From the bestselling author of Gratitude and On the Move, a final volume of essays that showcases Sacks's broad range of interests--from his passions for ferns, swimming, and horsetails, to his final case histories exploring schizophrenia, dementia, and Alzheimer's.
Oliver Sacks, renowned scientist and storyteller, is adored by readers for his neurological case histories, his fascination and familiarity with human behaviour at its most unexpected and unfamiliar. Everything in Its Place is a celebration of Sacks's myriad interests, all told with his characteristic compassion, erudition, and luminous prose. From the celebrated case history of Spalding Gray that appeared in The New Yorker four months before his death to reflections on mental asylums; from piercing accounts of Schizophrenia to a reminiscence of Robin Williams; from the riveting tale of a medical colleague falling victim to Alzheimer's to the cinematography of Michael Powell, this volume celebrates and reflects the wondrous curiosity of Oliver Sacks.
“In this lovely collection of previously unpublished essays, the late, celebrated author and neurologist muses on his career, his youth, the mental health field and much more . . . [This] final collection is a treat for the chronically curious.” —Publishers Weekly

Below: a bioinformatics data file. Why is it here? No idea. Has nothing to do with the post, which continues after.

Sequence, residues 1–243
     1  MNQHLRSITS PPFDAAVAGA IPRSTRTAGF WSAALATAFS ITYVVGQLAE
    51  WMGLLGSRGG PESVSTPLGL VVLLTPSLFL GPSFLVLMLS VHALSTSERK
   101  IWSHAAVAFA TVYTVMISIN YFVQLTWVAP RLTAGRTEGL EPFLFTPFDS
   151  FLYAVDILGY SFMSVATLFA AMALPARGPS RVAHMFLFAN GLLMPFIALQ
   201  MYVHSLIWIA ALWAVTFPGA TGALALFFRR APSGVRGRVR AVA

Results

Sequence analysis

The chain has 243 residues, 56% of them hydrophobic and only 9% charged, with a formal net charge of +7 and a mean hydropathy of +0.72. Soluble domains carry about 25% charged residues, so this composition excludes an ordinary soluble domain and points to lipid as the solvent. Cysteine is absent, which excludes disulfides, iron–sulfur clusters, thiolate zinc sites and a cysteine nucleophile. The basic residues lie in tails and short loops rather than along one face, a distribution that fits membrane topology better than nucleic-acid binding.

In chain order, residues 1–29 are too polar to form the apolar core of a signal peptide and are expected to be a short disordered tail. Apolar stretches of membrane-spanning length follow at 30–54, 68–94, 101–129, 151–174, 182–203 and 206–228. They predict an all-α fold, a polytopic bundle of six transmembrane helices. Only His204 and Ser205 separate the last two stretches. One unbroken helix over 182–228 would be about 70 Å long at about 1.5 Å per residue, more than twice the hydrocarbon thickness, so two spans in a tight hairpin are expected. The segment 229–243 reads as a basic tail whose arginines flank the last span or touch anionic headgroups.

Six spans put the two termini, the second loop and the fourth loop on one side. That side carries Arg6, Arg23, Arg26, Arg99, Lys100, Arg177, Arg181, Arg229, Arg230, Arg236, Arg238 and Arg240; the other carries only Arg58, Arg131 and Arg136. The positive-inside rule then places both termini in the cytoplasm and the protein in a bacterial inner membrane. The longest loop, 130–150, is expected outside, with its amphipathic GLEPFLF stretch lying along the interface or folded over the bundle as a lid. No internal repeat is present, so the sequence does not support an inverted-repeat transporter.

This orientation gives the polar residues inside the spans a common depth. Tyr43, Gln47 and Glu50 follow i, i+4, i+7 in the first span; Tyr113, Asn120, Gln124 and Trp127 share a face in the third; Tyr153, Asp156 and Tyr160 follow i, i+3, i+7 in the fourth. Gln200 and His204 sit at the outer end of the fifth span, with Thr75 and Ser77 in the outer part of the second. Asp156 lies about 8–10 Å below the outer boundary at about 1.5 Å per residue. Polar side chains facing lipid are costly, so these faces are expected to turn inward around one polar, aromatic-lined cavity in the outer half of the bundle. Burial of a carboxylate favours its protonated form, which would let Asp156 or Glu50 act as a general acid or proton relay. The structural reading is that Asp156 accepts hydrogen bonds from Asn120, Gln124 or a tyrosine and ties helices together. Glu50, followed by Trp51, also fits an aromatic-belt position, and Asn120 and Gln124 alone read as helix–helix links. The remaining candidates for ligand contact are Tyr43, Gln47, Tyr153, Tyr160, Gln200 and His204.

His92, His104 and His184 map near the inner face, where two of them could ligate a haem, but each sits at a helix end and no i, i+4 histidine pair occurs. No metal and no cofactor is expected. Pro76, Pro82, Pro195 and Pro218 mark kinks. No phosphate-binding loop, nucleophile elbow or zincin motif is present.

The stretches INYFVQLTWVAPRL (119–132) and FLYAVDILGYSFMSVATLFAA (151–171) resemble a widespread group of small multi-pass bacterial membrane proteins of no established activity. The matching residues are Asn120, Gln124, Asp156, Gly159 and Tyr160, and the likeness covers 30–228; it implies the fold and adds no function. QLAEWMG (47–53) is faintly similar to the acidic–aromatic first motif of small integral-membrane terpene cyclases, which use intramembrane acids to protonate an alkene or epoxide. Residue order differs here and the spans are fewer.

“In the last days of his life, Sacks offered strong lamentations about the book as an endangered species and the loss of civility in an age of cellphones and social media. . . . Balanced and insightful, this valedictory collection offers a fine coda to a remarkable life and career.” —Kirkus Reviews
“Brings together a remarkable range of uncollected and previously unpublished pieces, exemplifying [Sacks’s] wide-ranging passions and versatility as a writer.” —Paste Magazine
About the Author:
Oliver Sacks was born in 1933 in London and was educated at Queen's College, Oxford. He completed his medical training at San Francisco's Mount Zion Hospital and at UCLA before moving to New York. Familiar to the readers of The New Yorker and The New York Review of Books, Dr. Sacks spent more than fifty years working as a neurologist and wrote many books, including The Man Who Mistook His Wife for a Hat, Musicophilia and Hallucinations, about the strange neurological predicaments and conditions of his patients. Over the years he received many awards, including honours from the Guggenheim Foundation, the National Science Foundation, the American Academy of Arts and Letters, The American Academy of Arts and Sciences, and the Royal College of Physicians. His memoir, On the Move, was published shortly before his death in August 2015.